India says needs to verify troop disengagement with China

India says needs to verify troop disengagement with China

FILE PHOTO: Indian Army convoy moves along a highway leading to Ladakh
FILE PHOTO: An Indian Army convoy moves along a highway leading to Ladakh, at Gagangeer in Kashmir's Ganderbal district on Jun 18, 2020. (REUTERS/Danish Ismail/File Photo)

NEW DELHI: India and China are making progress on ending a months-long military face-off at their disputed Himalayan border but it is a complicated process and needs verification on the ground, the Indian army said on Thursday (Jul16).

India says Chinese troops have breached the Line of Actual Control, the poorly defined border in the western Himalayas, and set up defence structures. China says it is operating on its side of the de facto border.

Last month, a clash erupted in the high altitude Galwan Valley in the Ladakh region.

Twenty Indian soldiers were killed and China took an unspecified number of casualties.

Top level diplomatic and military talks followed in a bid to defuse the crisis.

READ: Modi visits Himalayan border where troops clashed with China

China has since thinned out from the Galwan Valley and on Tuesday top military commanders on both sides discussed the next steps in the pullback, the Indian army said.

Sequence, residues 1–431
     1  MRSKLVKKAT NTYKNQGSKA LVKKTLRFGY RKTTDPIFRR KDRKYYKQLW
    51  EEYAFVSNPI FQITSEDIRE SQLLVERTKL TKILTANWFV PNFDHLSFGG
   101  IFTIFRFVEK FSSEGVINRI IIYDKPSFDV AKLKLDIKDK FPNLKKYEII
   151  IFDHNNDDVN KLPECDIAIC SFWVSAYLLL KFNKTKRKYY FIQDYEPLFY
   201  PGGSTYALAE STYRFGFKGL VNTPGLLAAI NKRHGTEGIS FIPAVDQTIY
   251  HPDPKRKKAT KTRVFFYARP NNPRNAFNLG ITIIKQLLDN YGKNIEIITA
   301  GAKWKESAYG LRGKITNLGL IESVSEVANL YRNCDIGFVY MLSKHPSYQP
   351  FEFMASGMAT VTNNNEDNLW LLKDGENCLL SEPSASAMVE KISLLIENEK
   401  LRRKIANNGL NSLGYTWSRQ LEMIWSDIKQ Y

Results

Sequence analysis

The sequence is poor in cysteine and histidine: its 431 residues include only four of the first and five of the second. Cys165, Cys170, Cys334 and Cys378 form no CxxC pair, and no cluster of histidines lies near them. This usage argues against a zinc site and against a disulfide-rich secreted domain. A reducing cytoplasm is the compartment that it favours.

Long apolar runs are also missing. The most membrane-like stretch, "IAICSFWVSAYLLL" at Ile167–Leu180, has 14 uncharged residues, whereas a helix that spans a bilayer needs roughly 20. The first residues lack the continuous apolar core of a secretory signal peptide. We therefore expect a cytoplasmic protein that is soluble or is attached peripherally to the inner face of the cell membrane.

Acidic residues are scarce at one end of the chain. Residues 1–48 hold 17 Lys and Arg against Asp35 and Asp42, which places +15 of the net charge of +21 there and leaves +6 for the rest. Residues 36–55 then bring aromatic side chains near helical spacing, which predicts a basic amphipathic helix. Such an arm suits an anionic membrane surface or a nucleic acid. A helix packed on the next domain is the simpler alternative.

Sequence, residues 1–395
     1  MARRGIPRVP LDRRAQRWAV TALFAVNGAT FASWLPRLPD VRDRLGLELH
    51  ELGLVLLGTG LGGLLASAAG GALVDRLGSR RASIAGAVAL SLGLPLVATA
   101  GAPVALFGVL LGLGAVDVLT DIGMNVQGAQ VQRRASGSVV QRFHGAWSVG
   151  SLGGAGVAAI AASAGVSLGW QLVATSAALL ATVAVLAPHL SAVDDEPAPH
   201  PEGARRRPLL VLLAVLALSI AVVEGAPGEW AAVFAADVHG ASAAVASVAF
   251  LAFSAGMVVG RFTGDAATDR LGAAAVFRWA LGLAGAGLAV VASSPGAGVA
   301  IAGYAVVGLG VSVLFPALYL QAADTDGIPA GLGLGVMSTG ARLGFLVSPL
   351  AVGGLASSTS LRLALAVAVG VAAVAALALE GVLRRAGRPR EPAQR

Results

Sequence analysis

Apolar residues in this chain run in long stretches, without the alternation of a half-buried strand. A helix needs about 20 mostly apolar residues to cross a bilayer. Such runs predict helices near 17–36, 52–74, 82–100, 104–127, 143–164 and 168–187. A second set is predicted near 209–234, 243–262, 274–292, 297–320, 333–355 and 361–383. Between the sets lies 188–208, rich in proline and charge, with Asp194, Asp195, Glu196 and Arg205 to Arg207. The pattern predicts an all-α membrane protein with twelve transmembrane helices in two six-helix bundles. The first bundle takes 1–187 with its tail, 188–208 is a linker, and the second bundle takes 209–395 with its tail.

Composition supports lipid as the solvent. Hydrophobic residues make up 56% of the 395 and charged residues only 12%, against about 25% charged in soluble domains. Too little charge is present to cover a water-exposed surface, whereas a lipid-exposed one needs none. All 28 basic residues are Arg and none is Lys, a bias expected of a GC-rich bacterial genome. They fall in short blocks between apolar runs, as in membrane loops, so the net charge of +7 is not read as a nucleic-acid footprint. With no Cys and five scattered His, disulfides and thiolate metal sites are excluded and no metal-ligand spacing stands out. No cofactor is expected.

"The Senior Commanders reviewed the progress on implementation of the first phase of disengagement and discussed further steps to ensure complete disengagement," said army spokesman Colonel Aman Anand.

"The two sides remain committed to the objective of complete disengagement. This process is intricate and requires constant verification," he said.

China's foreign ministry said on Wednesday there had been progress in defusing the border crisis and urged the Indian side to maintain peace.

China has previously blamed frontline Indian troops for provoking the Jun 15 clash, the most serious in 53 years.

India and China have not been able to agree on their 3,488-km -long border that runs from the snow deserts of Ladakh in the western sector to thick forest and mountains in the east, despite several rounds of talks over the years.

The two sides are trying to resolve the standoff in other parts of Ladakh, including Pangong Tso lake and Hot Springs, officials say. Once that happens, the two armies can start to thin out forces they had inducted into the region following the rise in tensions.

Brahma Chellaney, a specialist on India-China ties, said the threat of more clashes or even an armed conflict has yet to lift since the rival forces are still mobilised in the area.

Source: Reuters/kv